Travel information for first time comers to Indonesia

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Indonesia archipelago is a highly under-touristed destination with an amazing list of attractions to offer independent through to luxury travellers. Aside from the world famous island of Bali, Indonesia is one of Southeast Asia’s least explored countries in terms of both backpacker hordes and mass tourism.

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When to go

Generally speaking, April through to November is the dry season. Bali sees its peak tourism across European summer (July and August) and Australian Christmas holidays (December and January). Bali and the Gilis see the bulk of Indonesia’s arrivals, and other spots are deserted in comparison.

Bali via Richtopia

A side effect of monsoon in developed areas is very dirty oceans. The problem is especially acute in South Bali and South Lombok, where the heavy rains wash clogged-up drains out to sea—don’t be surprised to discover you’re sun baking next to, or swimming beside, a soiled discarded nappy. Some volcanoes are closed for climbing (with good reason) over peak wet season in December through January.

If your primary concern is avoiding lots of tourists, just skip Bali. In comparison to other Southeast Asian nations, in Indonesia it is very easy to dodge large numbers of tourists, as most of the archipelago sees very few tourists. Obviously the tourist infrastructure will be missing to a corresponding degree.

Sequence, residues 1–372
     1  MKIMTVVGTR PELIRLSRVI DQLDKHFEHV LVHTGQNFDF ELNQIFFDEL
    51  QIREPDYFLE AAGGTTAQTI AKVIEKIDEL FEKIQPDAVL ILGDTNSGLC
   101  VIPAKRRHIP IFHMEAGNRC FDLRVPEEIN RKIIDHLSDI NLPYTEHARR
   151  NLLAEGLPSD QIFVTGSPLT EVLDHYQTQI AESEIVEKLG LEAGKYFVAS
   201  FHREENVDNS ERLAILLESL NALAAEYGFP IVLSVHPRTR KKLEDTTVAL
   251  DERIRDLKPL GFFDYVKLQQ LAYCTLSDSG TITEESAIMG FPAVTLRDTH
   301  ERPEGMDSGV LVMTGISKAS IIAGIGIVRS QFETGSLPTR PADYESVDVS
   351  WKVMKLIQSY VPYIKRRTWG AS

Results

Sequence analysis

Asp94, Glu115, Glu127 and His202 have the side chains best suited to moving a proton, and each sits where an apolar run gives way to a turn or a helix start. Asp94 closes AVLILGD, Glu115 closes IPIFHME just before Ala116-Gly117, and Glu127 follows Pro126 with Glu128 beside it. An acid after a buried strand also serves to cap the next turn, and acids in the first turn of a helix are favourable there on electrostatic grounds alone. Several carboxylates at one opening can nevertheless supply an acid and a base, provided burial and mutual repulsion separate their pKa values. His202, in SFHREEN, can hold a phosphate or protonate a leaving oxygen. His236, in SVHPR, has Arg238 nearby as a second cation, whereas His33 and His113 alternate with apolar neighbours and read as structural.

What to do

Learn to dive: Indonesia offers arguably the best diving in Southeast Asia and there are no shortage of places to learn—or just dive. We learned in the Togean Islands, but Bali and Flores (among many, many others) are also very popular diving locations.

Cooking courses and food walks: Doing a cooking course at Bali Asli, Bumbu Bali or Hotel Tugu will be a great way to learn a bit more about Indonesian fare—and they’re just a few of the culinary offerings on one island.

Surfing: Okay, first things first, learn to surf. Once you have that in the bag, we’d be pointing you towards Kuta in Lombok, and Maluk and Lakey in Sumbawa. As with the cooking courses, we’re just scraping the surface here. Indonesia has a lot of waves.

Surfing in Bali via Epic Gap Year

Courses and personal improvement: Seen Eat Pray Love? Yoga mat packed? Destination Ubud.

How long to go for

When you’re talking about a nation of some 17,000 islands, you need to be realistic in what you are trying to achieve. Simply put, we’d say a reasonable timeline to travel from Pulau Weh in the west to Kupang in the east, with a few side trips here and there, would require a minimum of six months. Minimum.

Two weeks should be about your baseline for any one of the main islands—and while that will be sufficient for you to knock off some of the main attractions at a comfortable pace, a month is a better spread. A month in Sumatra, a month in Bali, a month in Lombok, a month in Sumbawa, a month in Flores … You did put your leave form in right?

Trying to cover too much territory in too little time does not work in Indonesia. If you have limited time (say two weeks) make judicious use of domestic flights and be selective in where you go. Jakarta, Yogyakarta, Ubud and Gili T will work in two weeks assuming you’re flying the longer legs—we wouldn’t advise trying to fit in more.

If you are planning a longer stay, it pays to familiarise yourself with Indonesia’s visa rules. They change occasionally and some rules are enforced haphazardly, complicating what should be a simple process.

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